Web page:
Learning the ropes
Soccer is becoming a bigger sport every year in Alpena, and if Alpena High soccer coach Tim Storch has his way, the Storch Soccer Academy will help sculpt area players into the kind of players that can easily dominate their opponents.
The Storch Soccer Academy is a soccer camp which started on Monday and ends on Friday. It is open to both male and female soccer players, from ages 12 to 17. There are two camps: a goalie camp, which runs from 11 a.m. to 1 p.m. and the fielders camp, which runs from 2-5 p.m.
Storch has hosted soccer camps since graduating from college in 1980, and throughout his coaching career. He has helped run programs at Oakland University and Central Michigan, while operating his own camp in the Troy area.
Storch helped set a precident for Michigan soccer camps when he opened one of the first goalie schools in the state.
“Goal keeping is still the forgotten position in soccer, as most players want to score. However, it remains one of the most important. Seven players signed up for the goalie program this year. I couldn’t be happier with the turn out. About 60 kids signed up for the week, up from 40 last year. Hopefully, this number just keeps growing each year,” Storch said.
Every day of the camp focuses on teaching and refining specific skills. On Monday, players learned about shielding and dribbling. On Tuesday, players learned about attacking and offensive skills, and today they will learn about passing and receiving.
Future lessons will revolve around shooting and setting up attacks on the net on Thursday, while Friday will see players learning finesse moves such as head-ins, tackles and throw-ins.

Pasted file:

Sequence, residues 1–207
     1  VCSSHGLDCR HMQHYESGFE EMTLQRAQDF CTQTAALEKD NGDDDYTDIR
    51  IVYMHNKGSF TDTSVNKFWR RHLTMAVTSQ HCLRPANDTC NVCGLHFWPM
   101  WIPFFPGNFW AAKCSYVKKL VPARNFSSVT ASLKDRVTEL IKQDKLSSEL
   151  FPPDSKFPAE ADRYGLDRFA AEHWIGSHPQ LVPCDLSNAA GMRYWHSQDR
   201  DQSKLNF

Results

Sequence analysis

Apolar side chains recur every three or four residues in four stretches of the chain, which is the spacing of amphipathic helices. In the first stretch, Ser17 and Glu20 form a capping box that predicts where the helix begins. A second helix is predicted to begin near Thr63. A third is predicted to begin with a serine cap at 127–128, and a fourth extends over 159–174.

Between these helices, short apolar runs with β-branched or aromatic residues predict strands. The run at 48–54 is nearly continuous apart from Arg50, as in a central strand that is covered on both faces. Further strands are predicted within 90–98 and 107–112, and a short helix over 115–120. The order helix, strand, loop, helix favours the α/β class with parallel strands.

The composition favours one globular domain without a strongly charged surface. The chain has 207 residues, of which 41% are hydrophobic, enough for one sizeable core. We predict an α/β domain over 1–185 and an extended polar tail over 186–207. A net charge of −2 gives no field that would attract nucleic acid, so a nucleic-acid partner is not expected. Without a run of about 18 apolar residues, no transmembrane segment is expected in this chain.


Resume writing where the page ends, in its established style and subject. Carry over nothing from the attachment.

Many of the younger players at the camp are getting their first taste of serious soccer education, although other players are more experienced with Storch’s methods.
Mitch Mead is a sophomore varsity soccer player who understands the importance of the Storch Soccer Academy in boosting and refining his soccer skills.
“It’s really useful to break up the off-season and gets you back on track and back in shape. I think it’s especially useful in finding out what the team is going to be like this year and what to expect from the younger players,” Mead said.
Storch believes that off-season camps like this are essential for keeping athletic teams of all types competitive when the next season kicks into gear.
“If any player or any team wants to be competitive, they can’t let their skills slip in the off-season. They have to understand that this is the time when you’re honing and refining your basic abilities. You can’t start refining those skills when you step on the field the first day of practice,” Storch said.
Athletic camps can also serve as a useful way for players to get to know each other, and to get a feel for each others personalities. Knowing a player more fully can help create more empathic game play on the field.
“It’s definitely a way to make us more of a family and to help us understand how to work together for the benefit of the team,” Mead said.
Once the camp is over and the season begins, Storch hopes the benefits on his players will show through continuing success, giving them a chance to build off the solid momentum from last year’s 9-8-2 season.
“By the time practice hits, we (the coaches) have to be more worried about which players we’re cutting, which players we’re keeping and where those players going to fit in on the team. And by the time of the first game, you have to be more concerned with tactical approaches to each team, instead of focusing on basic skills. Practicing this skills now (at the camp) keeps players ahead of the curve when that game time comes,” Storch said.
Players interested in the camp can still attend the last three days at a price of $15 a day. Call Storch at 248-961-2553 or e-mail him at firstname.lastname@example.org to discuss attending.
Eric Benac can be reached via email at email@example.com or by phone at 358-5690. Follow Eric on Twitter @EricBenac.